While global supply increased by 2% in 2019 (4776t vs. 4673t), the fall in mining production, although modest (-1%, i.e. 3464t vs. 3509t in 2018), was the first seen since 2008. The three main reasons can be found in China, where stricter environmental standards had a 6% impact on production, in South Africa, where the decline is continuing, and in Indonesia (Grasberg mine). The surge in gold prices in 2019 supported recycling, however, with an 11% rise in volumes (1304t vs. 1176t), to their highest level since 2012.
Other Precious Metals
Palladium has experienced an explosion of volatility, with prices now 2.4x higher than platinum prices! This is unheard of. After setting a new record of $2577.27/oz on 20 January, i.e. 32.7% growth since the start of the year, palladium prices underwent a 12.65% correction in just two days, but nevertheless ended the month on a 17.8% ($) high. The turbulence was such that John Metcalf, the Chairman of the London Platinum and Palladium Market, stated that current market conditions were a threat to the London market’s liquidity. Palladium, one of whose main uses is the production of catalytic converters for petrol engines, benefited notably from the introduction of more restrictive environmental standards in China. London is one of the only places where investors can take delivery of the physical metal, and demand is such that the premium on the metal exceeds the price of futures maturing in March by nearly $200! Such a situation has not been seen for more than 20 years when, during the period between 1997 and 2000, delays in exports from Russia unbalanced the market. To add insult to injury, and illustrating the general shortage, palladium borrowing rates jumped by more than 30% on an annual basis, more than 5x the rate seen in 2018 before prices soared.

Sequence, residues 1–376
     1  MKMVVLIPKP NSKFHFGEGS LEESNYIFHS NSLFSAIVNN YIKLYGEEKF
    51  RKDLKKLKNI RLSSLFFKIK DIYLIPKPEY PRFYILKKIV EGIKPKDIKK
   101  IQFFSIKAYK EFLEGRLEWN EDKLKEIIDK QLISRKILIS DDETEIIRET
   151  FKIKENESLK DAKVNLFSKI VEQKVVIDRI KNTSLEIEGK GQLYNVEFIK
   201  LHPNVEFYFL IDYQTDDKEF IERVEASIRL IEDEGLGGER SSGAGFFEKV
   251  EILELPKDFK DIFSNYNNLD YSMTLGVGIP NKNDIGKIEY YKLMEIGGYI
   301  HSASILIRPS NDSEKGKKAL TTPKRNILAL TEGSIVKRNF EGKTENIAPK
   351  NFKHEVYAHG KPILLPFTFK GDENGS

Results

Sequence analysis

Silver has not yet made a comeback. Silver prices, which rose by only 0.55% ($) in January, are still trailing gold, with a gold/silver ratio (mint ratio) ending the month at 88.1x vs. 84.9x at the end of December, and are still very far from the averages observed over 10, 20 and 30 years, of 67.7x, 64.7x and 67.5x respectively.
What about Gold Mines?
Gold-mining stocks have failed to benefit from this buoyant environment. Although gold prices appreciated by 4.35% ($) in January, mining stocks lost around 1.45% ($), suffering from their equity status at a time of greater volatility in the equity markets. Investment flows are tentatively returning to this asset class, however, and the year is not yet over... The asset class’s full potential is far from being achieved. Since September 2011, when the gold and mining stock theme peaked, while the global markets (MSCI World) have gained nearly 130% ($), gold prices are still down by around 13% ($) and mining stocks by around 48.5%!
After making significant progress since November 2018, the profit outlook for the gold sector has fallen due to the capping of production and slight a rise in operating costs.
Valuation of the gold-mining industry
The sector underwent a revaluation in January, as the fall in production and the rise in operating costs were factored in, but its valuation remains at a historically low level. The valuation multiple measured using the P/NAV (spot) ratio, of 1x, still falls short of the average observed since June 2013 (around 1.15x)
There was no real change in the P/CF ratio, however, which was still at around 6x, nearly a standard deviation below its 10-year average of 9x.
Written on 5 February 2020
Find below the full document.
Arnaud du Plessis
Senior Portfolio Manager, Global Thematic Equities, Natural Resources / Gold & Precious Metals CPR AM